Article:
JEDDAH: While combat sports are still deemed as masculine sports by some Saudis, they have started to become a regular pastime for women too. Halah Al-Hamrani, 41, opened a gym called FLAG, an acronym for the popular slogan “fight like a girl” that has been used in pop culture to insult girls, to help empower women.
“I am feminine in my own way, but I also like hitting things,” Al-Hamrani said.
She has participated in panel discussions across the Kingdom to show that it is possible for women to practice combat sports, feel strong and empowered and still be a woman.
As the country is moving toward its Vision 2030 reform plans, health and welfare is an important goal for Saudi Arabia, and girls have started to lead their lives toward fitness and strength.
“With the empowerment of women, people have started to enjoy and support women in these fields,” she said.
Nowadays, people understand that women do not necessarily need men to protect them.
According to Al-Hamrani, this mentality is helping people who promote combat sports. “It is making our job easier,” she added.
I promote combat sports for ladies, because they are very good exercises. It is highly skill-based and it works your mind and your body. For ladies, in general, it is a very empowering sport.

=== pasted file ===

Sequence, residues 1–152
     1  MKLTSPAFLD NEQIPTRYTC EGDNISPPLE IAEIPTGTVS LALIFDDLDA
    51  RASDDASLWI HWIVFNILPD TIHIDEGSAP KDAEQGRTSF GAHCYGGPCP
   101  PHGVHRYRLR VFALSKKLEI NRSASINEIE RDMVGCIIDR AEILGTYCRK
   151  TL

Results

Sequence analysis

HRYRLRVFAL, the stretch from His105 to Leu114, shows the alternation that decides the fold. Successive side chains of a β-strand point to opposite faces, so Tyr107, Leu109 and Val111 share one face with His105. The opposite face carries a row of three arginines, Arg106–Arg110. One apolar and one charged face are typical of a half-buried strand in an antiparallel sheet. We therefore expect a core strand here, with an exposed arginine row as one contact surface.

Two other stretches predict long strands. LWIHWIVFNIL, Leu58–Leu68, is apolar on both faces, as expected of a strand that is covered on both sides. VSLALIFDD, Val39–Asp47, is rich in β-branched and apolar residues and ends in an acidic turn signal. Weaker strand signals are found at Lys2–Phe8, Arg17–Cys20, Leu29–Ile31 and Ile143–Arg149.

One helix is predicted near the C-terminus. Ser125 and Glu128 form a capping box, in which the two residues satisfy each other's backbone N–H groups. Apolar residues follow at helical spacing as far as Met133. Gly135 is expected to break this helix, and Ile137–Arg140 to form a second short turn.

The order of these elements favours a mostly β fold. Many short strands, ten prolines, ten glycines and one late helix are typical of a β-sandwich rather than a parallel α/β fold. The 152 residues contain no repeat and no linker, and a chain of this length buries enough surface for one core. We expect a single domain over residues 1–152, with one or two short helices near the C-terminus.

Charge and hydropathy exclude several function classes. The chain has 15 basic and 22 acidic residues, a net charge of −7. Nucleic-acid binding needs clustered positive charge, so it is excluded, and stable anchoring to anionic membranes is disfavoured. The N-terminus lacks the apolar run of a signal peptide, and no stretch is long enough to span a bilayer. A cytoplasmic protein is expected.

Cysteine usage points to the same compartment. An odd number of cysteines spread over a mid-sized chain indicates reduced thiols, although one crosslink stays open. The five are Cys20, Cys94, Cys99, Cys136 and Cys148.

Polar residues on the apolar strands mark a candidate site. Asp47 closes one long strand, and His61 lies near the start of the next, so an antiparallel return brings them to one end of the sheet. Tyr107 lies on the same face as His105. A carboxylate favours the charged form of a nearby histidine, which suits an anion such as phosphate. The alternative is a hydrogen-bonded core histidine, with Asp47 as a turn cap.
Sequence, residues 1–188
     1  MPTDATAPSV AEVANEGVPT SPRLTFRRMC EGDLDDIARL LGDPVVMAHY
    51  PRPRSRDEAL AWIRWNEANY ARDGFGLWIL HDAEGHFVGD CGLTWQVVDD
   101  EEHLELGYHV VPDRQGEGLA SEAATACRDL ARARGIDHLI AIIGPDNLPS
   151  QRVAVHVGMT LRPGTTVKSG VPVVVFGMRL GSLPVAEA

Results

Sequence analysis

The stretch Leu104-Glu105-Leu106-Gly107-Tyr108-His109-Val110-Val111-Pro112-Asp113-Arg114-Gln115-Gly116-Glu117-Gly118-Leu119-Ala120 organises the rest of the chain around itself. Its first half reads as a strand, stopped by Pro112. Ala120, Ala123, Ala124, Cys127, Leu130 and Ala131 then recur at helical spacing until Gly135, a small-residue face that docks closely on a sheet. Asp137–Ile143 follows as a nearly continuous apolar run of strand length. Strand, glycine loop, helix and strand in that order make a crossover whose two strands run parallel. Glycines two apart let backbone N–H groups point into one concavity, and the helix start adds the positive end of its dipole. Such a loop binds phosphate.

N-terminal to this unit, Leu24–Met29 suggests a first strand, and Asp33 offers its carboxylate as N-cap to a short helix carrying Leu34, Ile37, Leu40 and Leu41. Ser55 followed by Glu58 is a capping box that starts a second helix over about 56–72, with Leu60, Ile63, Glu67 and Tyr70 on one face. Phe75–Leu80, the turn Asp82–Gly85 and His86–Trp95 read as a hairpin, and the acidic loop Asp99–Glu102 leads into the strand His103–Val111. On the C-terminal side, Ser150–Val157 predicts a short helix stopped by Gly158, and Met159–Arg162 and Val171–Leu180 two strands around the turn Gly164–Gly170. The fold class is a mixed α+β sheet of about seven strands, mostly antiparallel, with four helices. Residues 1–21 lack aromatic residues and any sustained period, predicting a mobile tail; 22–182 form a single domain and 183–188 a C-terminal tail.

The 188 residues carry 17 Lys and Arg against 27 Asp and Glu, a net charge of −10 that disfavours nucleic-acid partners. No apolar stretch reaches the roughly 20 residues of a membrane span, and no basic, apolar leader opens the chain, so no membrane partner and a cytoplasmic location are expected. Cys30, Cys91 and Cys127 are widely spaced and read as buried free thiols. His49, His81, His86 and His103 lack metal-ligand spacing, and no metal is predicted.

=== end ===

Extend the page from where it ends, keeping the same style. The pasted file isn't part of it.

Halah Al-Hamrani, Owner of FLAG gym
“I promote combat sports for ladies, because they are very good exercises. It is highly skill-based and it works your mind and your body. For ladies, in general, it is a very empowering sport,” Al-Hamrani said.
She told Arab News that fighting sports require a lot of self-motivation, self-control and help support mental health.
“I find that it is the first requirement that woman should have toward a sport. It is the mental gains and power that you can develop.”
Boxing training proves an all-body workout, giving fighters lots of strength. The body of the boxer changes aesthetically — it becomes proportionate and toned.
“It’s important to learn self-defense. It helps to build the confidence,” said Reham Kamal, a coach at RK fitness and Al-Hamrani’s student.
Sports and fitness are also perceived by people as a method of becoming fit and looking good, according to Kamal.
“For me, in the beginning, it was only to have a nice body shape, then it became a lifestyle. I wanted to learn more about it. So, I decided to educate myself by taking courses and workshops. After that I decided to help others to reach their fitness goals by coaching them.
“Boxing for me is not just to learn self-defense, it also challenges me to learn a new skill every time and improve my focus. It helps to improve my physical and mental health,” Kamal added.
In Saudi Arabia, boxing is still frowned upon by some people.
“I have received many comments on social media from people that are not as open-minded toward the idea of women in combat sports. I have received comments like ‘she probably beats up her husband’ or ‘she is probably more of a man than a woman.’ There are many comments like that coming my way and it is obvious that they are uneducated,” Al-Hamrani said.
Embarking on her journey, Al-Hamrani received unconditional support from her friends and family.
“You are going to want your daughters and sisters to defend themselves if a bad situation ever occurred,” she said.